During the first week of April, Iowa DNR personnel found dead and sick waterfowl of various species at a Palo Alto County Wildlife Management Area. The sick birds had weak necks; thick, mucoid discharge matted around their eyes; and mucus draining from their nares. Over the following six weeks, the IA DNR collected over 200 ducks and geese of 17 different species, including Greater White-fronted Geese, Northern Pintail, Mallards and Snow Geese. Pasteurella multocida was cultured from specimens submitted to NWHC indicating that avian cholera was the cause of this mortality event.

Mortality events in waterfowl attributed to avian cholera are more commonly reported in the winter months when flocks are stressed from seasonal migration and reduced food resources.

Trematodiasis at the Upper Mississippi River National Wildlife & Fish Refuge (WI & MN)
Migrating waterfowl have been found sick and dead on the Mississippi River’s Pools 7 and 8 again this spring. US Fish & Wildlife personnel collected 1312 birds and estimated there were 2210 – 2580 dead with American Coots and Lesser Scaup comprising 99% of the mortalities. Infections by the trematodes Cyathocotyle bushiensis and Sphaeridiotrema globulus were identified in chilled carcasses submitted to NWHC. These parasites are found in the lower intestines of infected birds and cause severe blood loss, electrolyte imbalance, and penetrating damage to the intestinal wall leading to death. An estimated 32,000 migrating waterfowl at the refuge have died as a result of trematodiasis since 2002.

Unusual behaviors reported in summering bats from the northeastern US (NY, VT, NH, CT, MA)
Increased numbers of calls to public health departments from citizens are being reported this summer in the northeastern US. Bats are being observed persisting in the open during daylight hours, increased numbers of live pups are falling to the ground at maternity roosts, and there have been 2 reports of pup abandonment. Anecdotal reports from several areas indicate a reduction in colony size compared to previous summers. State Rabies Labs of NY and CT report decreased numbers of Myotis lucifugus submissions, the species with the highest winter mortality estimates during the peak of White Nose Syndrome (WNS), compared to previous summers. Summer bat surveys are assessing individuals for wing lesions thought to be a sequela of bat white-nose syndrome. The NWHC is requesting fresh, intact bats found dead on the landscape from any state where mortality rates within a well-defined area and time period exceed the expected background mortality. In addition, individual bats with wing membrane lesions are being sought for examination. Contact your local state wildlife agency to report unusual mortality events and to arrange submission.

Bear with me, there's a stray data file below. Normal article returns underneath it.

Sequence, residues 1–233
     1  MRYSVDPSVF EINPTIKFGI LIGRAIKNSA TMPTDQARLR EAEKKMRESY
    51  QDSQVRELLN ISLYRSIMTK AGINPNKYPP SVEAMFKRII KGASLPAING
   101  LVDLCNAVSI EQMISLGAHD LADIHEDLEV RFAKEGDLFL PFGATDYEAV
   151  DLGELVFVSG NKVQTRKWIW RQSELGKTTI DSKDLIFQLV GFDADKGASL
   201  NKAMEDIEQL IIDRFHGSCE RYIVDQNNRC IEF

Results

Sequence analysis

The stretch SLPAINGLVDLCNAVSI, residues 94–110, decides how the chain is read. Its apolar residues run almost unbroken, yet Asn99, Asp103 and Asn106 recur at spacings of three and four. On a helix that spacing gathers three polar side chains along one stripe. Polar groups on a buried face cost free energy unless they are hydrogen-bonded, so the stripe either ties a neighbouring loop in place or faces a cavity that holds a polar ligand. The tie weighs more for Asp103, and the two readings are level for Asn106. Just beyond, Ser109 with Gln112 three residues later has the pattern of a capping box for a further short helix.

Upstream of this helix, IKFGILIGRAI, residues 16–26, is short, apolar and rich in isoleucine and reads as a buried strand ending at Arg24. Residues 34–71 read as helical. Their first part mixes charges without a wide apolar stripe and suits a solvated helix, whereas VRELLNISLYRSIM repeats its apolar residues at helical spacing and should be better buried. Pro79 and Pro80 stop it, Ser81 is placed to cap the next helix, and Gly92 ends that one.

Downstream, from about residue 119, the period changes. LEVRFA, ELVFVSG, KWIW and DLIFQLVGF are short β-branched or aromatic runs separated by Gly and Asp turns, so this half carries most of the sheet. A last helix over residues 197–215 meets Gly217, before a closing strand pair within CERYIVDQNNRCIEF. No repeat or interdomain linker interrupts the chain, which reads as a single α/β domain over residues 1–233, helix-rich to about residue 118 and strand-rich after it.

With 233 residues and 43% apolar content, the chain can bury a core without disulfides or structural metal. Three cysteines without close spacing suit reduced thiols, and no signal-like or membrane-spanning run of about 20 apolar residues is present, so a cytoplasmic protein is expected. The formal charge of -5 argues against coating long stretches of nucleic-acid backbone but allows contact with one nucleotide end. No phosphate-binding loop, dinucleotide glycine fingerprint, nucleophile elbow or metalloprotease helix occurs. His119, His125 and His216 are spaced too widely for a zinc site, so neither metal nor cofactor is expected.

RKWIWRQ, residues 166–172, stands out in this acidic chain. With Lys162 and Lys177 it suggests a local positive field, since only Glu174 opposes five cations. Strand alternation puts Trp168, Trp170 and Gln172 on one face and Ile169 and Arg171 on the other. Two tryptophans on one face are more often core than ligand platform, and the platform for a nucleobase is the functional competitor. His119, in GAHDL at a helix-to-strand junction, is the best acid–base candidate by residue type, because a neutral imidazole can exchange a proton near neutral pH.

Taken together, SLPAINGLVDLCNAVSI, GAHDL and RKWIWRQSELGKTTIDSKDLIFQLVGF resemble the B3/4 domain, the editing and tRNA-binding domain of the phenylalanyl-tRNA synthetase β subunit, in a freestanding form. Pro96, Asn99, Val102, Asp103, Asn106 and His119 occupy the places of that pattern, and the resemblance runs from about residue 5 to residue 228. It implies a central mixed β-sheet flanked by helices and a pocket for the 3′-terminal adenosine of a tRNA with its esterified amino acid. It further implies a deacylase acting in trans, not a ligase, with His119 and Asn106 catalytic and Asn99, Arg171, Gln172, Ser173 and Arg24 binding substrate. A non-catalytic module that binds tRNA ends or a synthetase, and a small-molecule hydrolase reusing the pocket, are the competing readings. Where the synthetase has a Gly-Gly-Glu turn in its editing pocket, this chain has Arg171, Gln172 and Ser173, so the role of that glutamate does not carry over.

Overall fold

Cormorant mortality detected in multiple counties throughout MN
Several die-offs involving young Double-crested Cormorants are being investigated in 4 Minnesota counties that are estimated to have started the first week of July 2008. MN DNR biologists reported initial losses of 200 and 300 birds at rookeries in 2 lakes in southern MN (Meeker and Faribault counties). Another estimated 200 birds were displaying clinical signs of neck weakness, incoordination, inability to right self, partial limb paralysis, and tremors. Approximately 90 % of the hatch year cohort appears affected. Other bird species displaying signs of illness at a much lower numbers include American White Pelicans and several gull species. Additional reports from northern MN (St. Louis and Lake of the Woods counties) have found only dead birds at a lower proportion than that observed at the southern locations. Preliminary diagnostics thus far suggest avian paramyxovirus-1 in the Meeker and St. Louis locations. Additional tests are pending to rule out other disease agents such as botulinum toxin and West Nile virus. Increased cormorant mortality on the Canadian side of the Great Lakes region of Lakes Huron, Erie, and Ontario has been reported by Canadian Cooperative Wildlife Health Center (www.ccwhc.ca).

Request for Wildlife Mortality and Morbidity Event Reporting (All States)
The Quarterly Wildlife Mortality Report, published in the Wildlife Disease Association’s newsletter, is intended to inform wildlife professionals of wildlife events of interest to them. The authors kindly request that investigation reports of recent die-offs of mammals, birds, amphibians, and reptiles be submitted for inclusion in the publication and on the related webpage. Credit will be given to appropriate diagnostic laboratories.